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Stoned Driving Law Dies in Assembly

California marijuana advocates have killed a bill in the legislature that could have landed countless innocent drivers in jail.

The bill, sponsored by Democratic Assemblyman Jim Frazier, would have made it a crime to drive with a certain amount of THC in the bloodstream. THC is the psychoactive chemical in marijuana.

A growing number of states are adopting this “per se” approach to stoned driving, the same approach used with drunk drivers. But it’s a poor fit with cannabis, which doesn’t work on the system in the same manner as alcohol.joint in car

Booze is flushed out of the bloodstream rapidly, in a matter of hours. By the time a motorist has sobered up, blood alcohol levels have typically dropped below .08, the legal per se limit for driving in all 50 states.

So if a driver blows above .08 on a Breathalyzer test, in all likelihood he or she would still be drunk. But a motorist who tests above the legal limit for THC may well be sober.

That’s because THC leaves metabolites in the bloodstream that can linger for hours, days or even weeks in heavy users. These metabolites don’t necessarily cause intoxication, but they do show up on drug tests.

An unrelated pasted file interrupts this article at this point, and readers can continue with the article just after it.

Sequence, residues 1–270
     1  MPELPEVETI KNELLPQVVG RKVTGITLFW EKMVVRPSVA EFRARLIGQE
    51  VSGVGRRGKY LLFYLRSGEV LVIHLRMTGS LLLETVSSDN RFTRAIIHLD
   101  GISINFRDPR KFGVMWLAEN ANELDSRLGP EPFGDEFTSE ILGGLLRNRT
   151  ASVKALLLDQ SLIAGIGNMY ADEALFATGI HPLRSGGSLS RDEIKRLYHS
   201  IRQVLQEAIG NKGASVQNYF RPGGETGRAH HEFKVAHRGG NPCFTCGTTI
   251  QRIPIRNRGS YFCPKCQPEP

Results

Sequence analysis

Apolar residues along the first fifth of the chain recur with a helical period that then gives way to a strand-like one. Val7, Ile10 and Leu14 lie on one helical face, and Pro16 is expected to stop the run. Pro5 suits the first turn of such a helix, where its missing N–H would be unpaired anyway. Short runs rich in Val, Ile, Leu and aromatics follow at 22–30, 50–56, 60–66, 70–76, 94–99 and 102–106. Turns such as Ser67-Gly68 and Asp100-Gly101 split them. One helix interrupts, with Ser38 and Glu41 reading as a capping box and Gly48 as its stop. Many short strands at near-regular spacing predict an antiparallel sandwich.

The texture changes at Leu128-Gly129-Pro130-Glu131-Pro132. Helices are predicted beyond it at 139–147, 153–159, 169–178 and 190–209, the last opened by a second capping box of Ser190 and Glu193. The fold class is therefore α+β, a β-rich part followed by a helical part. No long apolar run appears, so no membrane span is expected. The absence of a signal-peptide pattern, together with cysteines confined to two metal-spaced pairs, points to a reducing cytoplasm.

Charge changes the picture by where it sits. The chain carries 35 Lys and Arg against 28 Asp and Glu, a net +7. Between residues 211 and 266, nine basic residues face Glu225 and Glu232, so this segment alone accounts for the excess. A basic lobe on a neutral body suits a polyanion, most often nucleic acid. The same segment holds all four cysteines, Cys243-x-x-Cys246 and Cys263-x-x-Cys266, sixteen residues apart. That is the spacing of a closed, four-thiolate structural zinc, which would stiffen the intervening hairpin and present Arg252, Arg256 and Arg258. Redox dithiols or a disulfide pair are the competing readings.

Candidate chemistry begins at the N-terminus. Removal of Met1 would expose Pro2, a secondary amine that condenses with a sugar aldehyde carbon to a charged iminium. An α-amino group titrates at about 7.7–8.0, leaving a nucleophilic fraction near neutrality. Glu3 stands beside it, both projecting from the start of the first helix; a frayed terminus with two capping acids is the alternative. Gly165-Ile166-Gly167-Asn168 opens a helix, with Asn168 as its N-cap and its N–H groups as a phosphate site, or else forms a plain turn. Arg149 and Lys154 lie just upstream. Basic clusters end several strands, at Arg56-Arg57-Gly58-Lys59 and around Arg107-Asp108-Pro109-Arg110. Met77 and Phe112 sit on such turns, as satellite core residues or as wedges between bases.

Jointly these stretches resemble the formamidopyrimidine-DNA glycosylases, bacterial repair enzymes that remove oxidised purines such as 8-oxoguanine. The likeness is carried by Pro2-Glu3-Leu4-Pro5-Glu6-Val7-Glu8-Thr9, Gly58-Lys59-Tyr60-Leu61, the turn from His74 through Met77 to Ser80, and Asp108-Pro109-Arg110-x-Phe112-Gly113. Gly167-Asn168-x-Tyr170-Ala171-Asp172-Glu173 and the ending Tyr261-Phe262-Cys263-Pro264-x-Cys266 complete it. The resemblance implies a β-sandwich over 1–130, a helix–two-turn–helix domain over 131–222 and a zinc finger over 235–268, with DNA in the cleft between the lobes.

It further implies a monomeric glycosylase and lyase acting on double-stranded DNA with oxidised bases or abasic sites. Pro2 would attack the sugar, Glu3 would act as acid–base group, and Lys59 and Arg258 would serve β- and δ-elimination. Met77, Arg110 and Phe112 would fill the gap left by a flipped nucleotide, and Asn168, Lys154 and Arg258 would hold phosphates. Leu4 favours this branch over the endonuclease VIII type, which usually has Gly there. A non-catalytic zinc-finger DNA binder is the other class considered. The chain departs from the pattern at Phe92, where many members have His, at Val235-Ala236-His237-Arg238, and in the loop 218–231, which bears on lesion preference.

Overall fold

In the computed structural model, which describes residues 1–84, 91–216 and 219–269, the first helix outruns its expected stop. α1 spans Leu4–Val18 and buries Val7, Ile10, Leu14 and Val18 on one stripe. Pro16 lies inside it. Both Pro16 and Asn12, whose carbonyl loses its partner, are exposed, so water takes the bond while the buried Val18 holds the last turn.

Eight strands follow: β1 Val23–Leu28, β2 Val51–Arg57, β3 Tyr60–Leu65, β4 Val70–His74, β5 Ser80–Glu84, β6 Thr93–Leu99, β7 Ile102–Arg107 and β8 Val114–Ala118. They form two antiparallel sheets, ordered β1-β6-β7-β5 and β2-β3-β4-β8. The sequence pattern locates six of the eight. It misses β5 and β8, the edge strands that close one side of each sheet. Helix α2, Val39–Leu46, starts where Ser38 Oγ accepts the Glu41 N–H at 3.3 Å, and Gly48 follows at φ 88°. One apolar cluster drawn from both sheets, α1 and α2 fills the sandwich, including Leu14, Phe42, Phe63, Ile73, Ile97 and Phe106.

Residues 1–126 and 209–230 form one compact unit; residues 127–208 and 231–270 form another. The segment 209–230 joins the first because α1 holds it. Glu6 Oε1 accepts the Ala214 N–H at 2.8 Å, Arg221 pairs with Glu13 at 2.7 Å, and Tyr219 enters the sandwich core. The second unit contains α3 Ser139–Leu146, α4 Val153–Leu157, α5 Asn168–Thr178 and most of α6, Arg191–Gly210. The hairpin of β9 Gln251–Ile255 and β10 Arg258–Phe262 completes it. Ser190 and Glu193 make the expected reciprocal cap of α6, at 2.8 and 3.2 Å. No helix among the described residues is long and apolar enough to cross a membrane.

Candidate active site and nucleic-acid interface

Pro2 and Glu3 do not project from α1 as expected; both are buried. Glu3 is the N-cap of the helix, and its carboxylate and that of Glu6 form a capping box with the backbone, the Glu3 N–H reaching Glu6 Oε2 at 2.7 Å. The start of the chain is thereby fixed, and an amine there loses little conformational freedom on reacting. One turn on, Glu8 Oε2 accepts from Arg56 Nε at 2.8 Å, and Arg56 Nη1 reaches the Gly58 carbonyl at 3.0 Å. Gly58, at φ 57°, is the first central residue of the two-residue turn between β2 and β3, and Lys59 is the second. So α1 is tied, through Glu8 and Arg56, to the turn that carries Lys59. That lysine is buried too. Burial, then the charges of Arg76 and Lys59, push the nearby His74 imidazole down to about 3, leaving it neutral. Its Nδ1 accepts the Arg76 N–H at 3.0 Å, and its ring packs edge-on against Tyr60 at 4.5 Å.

Frazier’s bill would have set the limit at 2 nanograms of THC per milliliter of whole blood. That’s lower than in many other states that have adopted per se laws, where the limit is typically 5 nanograms per milliliter.

What’s more, THC levels on drug tests don’t correlate to roadway impairment in the same way alcohol tests do. Many users with tolerance to the drug can drive without impairment. The FDA, for example, allows people who use Marinol, a pill form of THC, to drive once they’ve adjusted to the drug.

Frazier’s bill was killed in an Assembly committee April 29. Frazier vowed to keep pushing for a per se bill, saying he had “eleven more years” to work on it.

police lights rearviewReform advocates called the legislation “a solution in search of a problem.” Traffic fatalities, they noted, have declined substantially in California since the introduction of medical marijuana 18 years ago.

Between 1999 and 2012, the number of fatal roadway accidents in the state dropped from 3,148 to 2,632, said Dale Gieringer, leader of NORML in California.

Indeed, research from the Golden State and elsewhere suggests weed reform improves highway safety. Drivers appear to substitute marijuana for booze, studies show, and either drive stoned – which is dangerous but safer than driving drunk – or stay home and don’t drive at all.

About Matt Brooks

Based in San Francisco, Matt is a journalist who has specialized in marijuana policy for more than five years. He provides regular news coverage on and

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